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June 19, 2015

Five Eagles who impressed during OTAs and minicamp

Eagles NFL
061915SeyiAjirotutu Matt Slocum/AP

Seyi Ajirotutu (or as I like to call him, 'Toots'), has been an under-the-radar guy who has impressed so far.

Eagles OTAs and minicamp are officially in the books, and we won't see the Birds on the football field again until August. And so, let's take a look back at what Eagles have impressed so far. To note, all practices were in shorts, and therefore were non-contact, so it's basically impossible to fairly evaluate anything other the skill players. The five who impressed me:

Zach Ertz, TE

Anytime a tight end made any kind of impressive catch, it always seemed to be Ertz. He was very active, and is already becoming one of Sam Bradford's favorite targets. Ertz has said that he wants to be the best tight end to ever play the game. While that is obviously a very lofty goal, I feel fairly ceretain that if the Eagles play him as much as they should this season, he's going to put up bigtime numbers.

Nelson Agholor, WR

He's legit. Players in the Eagles secondary are already saying he's been the most impressive receiver they've faced so far this offseason, and the media seems to be in unanimous agreement that he looks very fast and shifty. As we noted in the final notes of minicamp, there are some players who don't play to their timed speed. Agholor ran a 4.42 at the Combine, and he plays every bit as fast as that would indicate, and then some. I'd be very surprised if he didn't start Week 1.

Walter Thurmond, S

The Eagles gave Thurmond the opportunity to move to safety, which he has embraced. Thurmond is an intriguing fit for the Eagles on the back end. They love their safeties to be able to drop down into the box and cover slot receivers man-to-man so they can stay in their base defense against three-WR sets. Having been a good slot corner in the NFL already, Thurmond brings that ability to the table. What has been a surprise is how natural Thurmond has looked on the back end. In the final minicamp practice, he darted up from his safety spot and jumped in front of a receiver for an interception. It was a really nice, aggressive play that you might not expect from a corner trying to transition to safety. He seems to understand the position well.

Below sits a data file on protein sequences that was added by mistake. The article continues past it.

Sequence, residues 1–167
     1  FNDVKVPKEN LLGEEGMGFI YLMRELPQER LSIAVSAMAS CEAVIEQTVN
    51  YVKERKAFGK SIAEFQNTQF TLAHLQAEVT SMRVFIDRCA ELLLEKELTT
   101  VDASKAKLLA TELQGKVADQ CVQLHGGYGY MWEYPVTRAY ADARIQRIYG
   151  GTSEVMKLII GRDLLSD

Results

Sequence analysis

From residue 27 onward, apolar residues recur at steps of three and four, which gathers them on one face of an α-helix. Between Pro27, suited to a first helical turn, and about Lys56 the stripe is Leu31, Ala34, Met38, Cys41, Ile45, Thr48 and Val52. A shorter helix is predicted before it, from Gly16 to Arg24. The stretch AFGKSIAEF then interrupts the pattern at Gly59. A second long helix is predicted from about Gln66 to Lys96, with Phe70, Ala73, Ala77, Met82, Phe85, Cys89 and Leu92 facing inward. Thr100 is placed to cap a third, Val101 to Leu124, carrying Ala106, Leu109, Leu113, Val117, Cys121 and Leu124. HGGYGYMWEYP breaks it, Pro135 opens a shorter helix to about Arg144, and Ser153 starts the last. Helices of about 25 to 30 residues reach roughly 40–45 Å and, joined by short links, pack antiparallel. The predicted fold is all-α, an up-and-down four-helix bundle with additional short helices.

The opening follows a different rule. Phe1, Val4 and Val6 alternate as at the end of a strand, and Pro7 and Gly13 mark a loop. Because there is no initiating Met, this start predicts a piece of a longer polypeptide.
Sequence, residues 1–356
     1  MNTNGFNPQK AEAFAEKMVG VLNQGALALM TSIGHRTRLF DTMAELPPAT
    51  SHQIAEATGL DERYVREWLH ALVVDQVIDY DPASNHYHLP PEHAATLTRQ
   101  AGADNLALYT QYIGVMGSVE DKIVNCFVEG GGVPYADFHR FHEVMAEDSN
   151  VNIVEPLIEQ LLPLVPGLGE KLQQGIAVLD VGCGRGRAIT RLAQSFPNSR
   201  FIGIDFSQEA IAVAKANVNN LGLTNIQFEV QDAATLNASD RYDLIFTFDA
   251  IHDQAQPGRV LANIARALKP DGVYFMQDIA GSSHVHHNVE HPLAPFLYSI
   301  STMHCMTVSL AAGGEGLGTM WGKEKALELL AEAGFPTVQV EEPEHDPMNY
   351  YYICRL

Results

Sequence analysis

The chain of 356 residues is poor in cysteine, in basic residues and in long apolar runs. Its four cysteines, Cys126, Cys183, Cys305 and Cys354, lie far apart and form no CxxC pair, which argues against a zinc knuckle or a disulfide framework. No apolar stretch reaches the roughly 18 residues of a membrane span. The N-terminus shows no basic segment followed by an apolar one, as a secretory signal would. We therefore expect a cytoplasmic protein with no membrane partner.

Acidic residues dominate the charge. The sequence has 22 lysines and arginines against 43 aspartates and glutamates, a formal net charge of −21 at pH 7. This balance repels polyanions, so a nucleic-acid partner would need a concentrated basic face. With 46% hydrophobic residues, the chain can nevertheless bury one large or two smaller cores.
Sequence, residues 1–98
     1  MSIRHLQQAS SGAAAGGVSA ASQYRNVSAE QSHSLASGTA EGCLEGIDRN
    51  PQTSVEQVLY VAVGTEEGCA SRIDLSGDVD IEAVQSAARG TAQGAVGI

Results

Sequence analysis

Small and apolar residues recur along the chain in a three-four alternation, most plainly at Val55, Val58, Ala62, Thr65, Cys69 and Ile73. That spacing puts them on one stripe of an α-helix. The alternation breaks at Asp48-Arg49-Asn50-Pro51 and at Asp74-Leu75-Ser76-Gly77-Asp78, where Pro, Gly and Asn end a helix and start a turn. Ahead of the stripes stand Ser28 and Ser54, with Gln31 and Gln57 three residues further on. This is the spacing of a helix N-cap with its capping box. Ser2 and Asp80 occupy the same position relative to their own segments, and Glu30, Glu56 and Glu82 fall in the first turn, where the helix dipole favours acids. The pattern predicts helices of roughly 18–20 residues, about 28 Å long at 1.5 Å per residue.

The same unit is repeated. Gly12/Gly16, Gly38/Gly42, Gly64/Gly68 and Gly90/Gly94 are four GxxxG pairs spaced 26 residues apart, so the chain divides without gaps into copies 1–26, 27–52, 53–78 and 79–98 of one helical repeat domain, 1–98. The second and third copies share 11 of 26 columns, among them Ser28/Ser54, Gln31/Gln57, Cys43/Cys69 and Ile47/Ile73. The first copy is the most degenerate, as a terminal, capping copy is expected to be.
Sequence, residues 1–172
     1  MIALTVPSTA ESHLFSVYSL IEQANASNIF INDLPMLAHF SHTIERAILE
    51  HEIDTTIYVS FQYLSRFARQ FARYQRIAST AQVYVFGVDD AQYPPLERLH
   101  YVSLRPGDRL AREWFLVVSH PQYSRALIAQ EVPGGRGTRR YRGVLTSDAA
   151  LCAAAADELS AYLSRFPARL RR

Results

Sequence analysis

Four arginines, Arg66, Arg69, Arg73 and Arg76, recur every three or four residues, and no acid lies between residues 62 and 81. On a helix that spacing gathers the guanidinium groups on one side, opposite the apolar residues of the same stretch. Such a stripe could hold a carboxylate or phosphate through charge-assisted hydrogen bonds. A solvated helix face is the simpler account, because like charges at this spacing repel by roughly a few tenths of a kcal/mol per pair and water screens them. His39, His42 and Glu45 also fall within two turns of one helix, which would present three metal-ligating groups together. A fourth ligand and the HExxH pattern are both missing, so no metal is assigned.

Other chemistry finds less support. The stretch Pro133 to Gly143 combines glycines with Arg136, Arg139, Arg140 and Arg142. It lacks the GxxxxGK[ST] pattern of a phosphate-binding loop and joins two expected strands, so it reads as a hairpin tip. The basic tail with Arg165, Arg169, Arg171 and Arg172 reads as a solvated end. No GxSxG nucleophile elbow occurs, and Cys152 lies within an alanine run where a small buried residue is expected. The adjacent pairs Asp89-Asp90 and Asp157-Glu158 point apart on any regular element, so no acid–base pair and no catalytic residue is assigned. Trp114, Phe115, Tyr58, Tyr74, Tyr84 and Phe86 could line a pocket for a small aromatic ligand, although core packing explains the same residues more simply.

Cody Parkey, K

When I first started covering Eagles training camp, I would watch David Akers make field goal attempt after field goal attempt. He'd drill 10 straight from all different distances like it was nothing. I haven't seen that since the Eagles replaced Akers with Alex Henery, but I see a little bit of that in Parkey so far. The one day I was able to watch him, Parkey made 14 consecutive field goals, with no misses, which included attempts of over 50 yards. Last offseason, kicker became an enormous concern when Henery couldn't hit the broad side of a barn during preseason games, and Murderleg (remember him?) was downright brutal in camp. No such worries this year.

Seyi Ajirotutu, WR

There are certainly players who have impressed that I've just gotten used to impressing in practice, like Jordan Matthews and Darren Sproles. Here we'll note an under-the-radar guy in Ajirotutu. Over the last two seasons, only one player in the NFL (Justin Bethel of the Cardinals) has had more special teams tackles than Ajirotutu. While Ajirotutu has looked good in special teams drills, I've been surprised by his effectiveness as a receiver. He has made an impressive number of catches, and has looked athletic doing so. For the most part he's done it against backups, so I'd like to see him get more reps against the first team defense. Still, the Eagles may have themselves yet another special teams stud, and possibly more.

Follow Jimmy on Twitter: @JimmyKempski